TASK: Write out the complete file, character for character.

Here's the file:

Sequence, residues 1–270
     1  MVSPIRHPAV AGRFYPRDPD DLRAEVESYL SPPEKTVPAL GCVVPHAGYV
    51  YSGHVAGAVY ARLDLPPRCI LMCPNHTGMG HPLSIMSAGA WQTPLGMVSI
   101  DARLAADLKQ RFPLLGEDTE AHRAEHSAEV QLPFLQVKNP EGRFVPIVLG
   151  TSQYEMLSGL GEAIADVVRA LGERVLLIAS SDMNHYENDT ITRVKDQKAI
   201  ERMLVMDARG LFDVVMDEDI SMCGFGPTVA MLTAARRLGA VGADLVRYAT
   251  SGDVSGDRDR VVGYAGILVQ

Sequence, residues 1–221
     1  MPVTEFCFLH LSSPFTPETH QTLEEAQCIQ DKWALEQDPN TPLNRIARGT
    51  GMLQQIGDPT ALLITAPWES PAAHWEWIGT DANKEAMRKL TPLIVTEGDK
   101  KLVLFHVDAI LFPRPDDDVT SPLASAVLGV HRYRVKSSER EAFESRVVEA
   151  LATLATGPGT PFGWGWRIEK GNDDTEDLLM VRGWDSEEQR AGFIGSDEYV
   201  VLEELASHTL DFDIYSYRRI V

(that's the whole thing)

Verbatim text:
Sequence, residues 1–270
     1  MVSPIRHPAV AGRFYPRDPD DLRAEVESYL SPPEKTVPAL GCVVPHAGYV
    51  YSGHVAGAVY ARLDLPPRCI LMCPNHTGMG HPLSIMSAGA WQTPLGMVSI
   101  DARLAADLKQ RFPLLGEDTE AHRAEHSAEV QLPFLQVKNP EGRFVPIVLG
   151  TSQYEMLSGL GEAIADVVRA LGERVLLIAS SDMNHYENDT ITRVKDQKAI
   201  ERMLVMDARG LFDVVMDEDI SMCGFGPTVA MLTAARRLGA VGADLVRYAT
   251  SGDVSGDRDR VVGYAGILVQ

Sequence, residues 1–221
     1  MPVTEFCFLH LSSPFTPETH QTLEEAQCIQ DKWALEQDPN TPLNRIARGT
    51  GMLQQIGDPT ALLITAPWES PAAHWEWIGT DANKEAMRKL TPLIVTEGDK
   101  KLVLFHVDAI LFPRPDDDVT SPLASAVLGV HRYRVKSSER EAFESRVVEA
   151  LATLATGPGT PFGWGWRIEK GNDDTEDLLM VRGWDSEEQR AGFIGSDEYV
   201  VLEELASHTL DFDIYSYRRI V